London’s The Wind in the Willows, Julian Fellowes, George Stiles and Anthony Drewe’s musical adaptation of Kenneth Grahame’s classic novel about friendship and forgiveness, was praised for its perky take on the novel. While Downton Abbey writer Julian Fellowes' book drew from the novel’s plot, Stiles (music) and Drewe (lyrics) took their inspiration from the wide history of music, covering musical traditions from carols to rock in their musicalization of this timeless children’s tale.
For those of us stuck across the pond, don’t worry! The soundtrack was made available on June 30th on Masterworks Broadway, making the musical adventures of Rat, Mole, and the rest of the gang available even to those of us who haven’t made it to the West End this year.
Following Rat and Mole’s friendship as they try to save the self-absorbed Mr. Toad from his own worst impulses, we’ve picked out our five favorite songs from the soundtrack:
1. The Amazing Mr. Toad
As the much-discussed Mr. Toad himself, Rufus Hound is one of the soundtrack’s most impressive standouts. The song, which chronicles Mr. Toad’s ride in his beloved new car, is rousing and catchy. Like much of the soundtrack, the lyrics take on a somewhat repetitive quality, but Mr. Toad’s self-laudatory, boisterous lyrics are enchantingly humorous, especially when coupled with Hound’s rich voice. It’s a perfect song to introduce his character more in-depth, giving us a memorable and amusing portrait of Mr. Toad in action.
2. We’re Taking Over the Hall
One of the musical’s rock numbers, “We’re Taking Over the Hall” tracks Chief Weasel (Neil McDermott) in his desire to overthrow Mr. Toad and share his wealth. McDermott leads the song with bravado, bringing extra spirit to this already high-energy song in which the self-proclaimed “downtrodden” of society celebrate their gain at the “fall of the mighty.” You’re sure to be tapping your toes along to their victory with this upbeat number, which opens the second act.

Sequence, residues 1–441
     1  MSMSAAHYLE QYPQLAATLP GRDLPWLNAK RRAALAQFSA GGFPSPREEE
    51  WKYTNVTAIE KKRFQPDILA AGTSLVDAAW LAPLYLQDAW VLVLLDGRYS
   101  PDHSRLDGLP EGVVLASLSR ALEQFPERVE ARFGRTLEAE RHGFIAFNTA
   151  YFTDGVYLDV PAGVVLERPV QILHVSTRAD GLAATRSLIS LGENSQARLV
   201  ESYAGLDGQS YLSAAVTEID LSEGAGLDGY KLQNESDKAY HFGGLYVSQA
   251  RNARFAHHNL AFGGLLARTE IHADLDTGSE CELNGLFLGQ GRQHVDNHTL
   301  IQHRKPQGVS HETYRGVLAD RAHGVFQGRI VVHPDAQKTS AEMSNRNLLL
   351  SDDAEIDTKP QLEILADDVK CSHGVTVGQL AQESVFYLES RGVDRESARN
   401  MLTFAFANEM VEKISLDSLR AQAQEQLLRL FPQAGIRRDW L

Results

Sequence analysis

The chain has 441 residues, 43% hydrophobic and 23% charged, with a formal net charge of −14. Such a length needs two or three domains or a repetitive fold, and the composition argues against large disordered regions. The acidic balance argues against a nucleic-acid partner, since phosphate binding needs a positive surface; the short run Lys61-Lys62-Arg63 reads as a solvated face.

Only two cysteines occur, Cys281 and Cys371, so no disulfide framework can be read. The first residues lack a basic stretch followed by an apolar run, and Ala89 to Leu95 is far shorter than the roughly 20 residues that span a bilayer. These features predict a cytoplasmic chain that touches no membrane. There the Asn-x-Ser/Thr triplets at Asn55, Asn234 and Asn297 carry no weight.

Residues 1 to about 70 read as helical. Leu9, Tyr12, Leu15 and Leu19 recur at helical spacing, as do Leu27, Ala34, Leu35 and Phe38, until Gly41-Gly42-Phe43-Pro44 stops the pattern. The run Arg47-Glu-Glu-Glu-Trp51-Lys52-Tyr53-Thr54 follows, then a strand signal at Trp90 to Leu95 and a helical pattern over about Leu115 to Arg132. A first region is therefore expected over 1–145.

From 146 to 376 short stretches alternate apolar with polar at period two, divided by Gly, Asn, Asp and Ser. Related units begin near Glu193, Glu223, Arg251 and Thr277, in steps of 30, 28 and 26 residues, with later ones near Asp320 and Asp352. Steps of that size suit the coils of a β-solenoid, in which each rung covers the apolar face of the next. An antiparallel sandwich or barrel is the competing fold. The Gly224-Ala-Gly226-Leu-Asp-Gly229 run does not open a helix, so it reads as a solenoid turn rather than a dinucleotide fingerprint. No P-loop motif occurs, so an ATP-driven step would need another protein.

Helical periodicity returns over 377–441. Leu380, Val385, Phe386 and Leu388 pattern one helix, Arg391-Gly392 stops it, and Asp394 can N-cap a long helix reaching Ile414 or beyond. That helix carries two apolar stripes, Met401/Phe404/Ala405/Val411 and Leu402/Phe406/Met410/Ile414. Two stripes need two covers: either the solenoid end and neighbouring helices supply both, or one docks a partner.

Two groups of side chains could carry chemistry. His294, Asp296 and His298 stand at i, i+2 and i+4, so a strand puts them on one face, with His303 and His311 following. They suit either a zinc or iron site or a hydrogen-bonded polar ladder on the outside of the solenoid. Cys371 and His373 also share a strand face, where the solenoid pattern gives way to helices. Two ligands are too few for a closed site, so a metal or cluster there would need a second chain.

3. To Be A Woman
In this smooth-talking and smooth-sounding song, the Jailer’s Daughter (Jenna Boyd) teaches Mr. Toad to fit into his washerwoman disguise by showing him to adopt feminine behaviors. Boyd and Hound riff off each other wonderfully, creating a sense of camaraderie that helps the warm humor of the song thrive. Hound cashes in on Mr. Toad’s classic self-absorption to create a funny undercurrent in the song by translating the more masculine car-enthusiast pride of “The Amazing Mr. Toad” into his ability to “take pride in his feminine side,” praising his own hourglass figure. It’s balanced by Boyd’s equally comical assertions that “he isn’t a beauty.” This moment, though quick, captures the quirks and charms of the musical as a whole.
4. A Friend is Still a Friend
Much of this book’s quintessential charm comes from the way it grounds its plot in deep and beautiful friendships. This gentle number between Badger (Gary Wilmot), Mole (Craig Mather), and Rat (Simon Lipkin) shows the three pals accepting each other’s flaws, bringing that wonderful element of the book to life. Offering forgiveness and acceptance, the friends deepen their bond with this ballad, which offers a soft break from our more upbeat earlier suggestions. With this number, Stiles and Drewe arrive at the core of the novel they adapt, which is celebrated for its slow moments as well as its ability to shift into fast pacing. This song provides a lovely pause in the plot to explore the friendship that is so key to the story, with Wilmot, Mather, and Lipkin’s voices blending beautifully to emphasize that amity.
5. The Open Road
Mr. Toad, Rat, and Mole band together in their first song together, and it’s one of the best songs in the musical. Backed up by the horses (Natalie Woods and Abigail Brodie), who add an ironic humor to the song’s carefree title through their complaints about their tiredness and Toad’s whims, the three enjoy their travels and the luxuries it offers them. The number captures the essence of their friendship with a bright, upbeat tone, providing a cheerier (though perhaps not as insightful) alternative to “A Friend is Still a Friend.” Between the horses’ frustrations with Toad, the spirit of adventure, and (most importantly) the friendship between the singers, this song entwines many of the elements that have made this story stand out for so many years, enduring today in this soundtrack.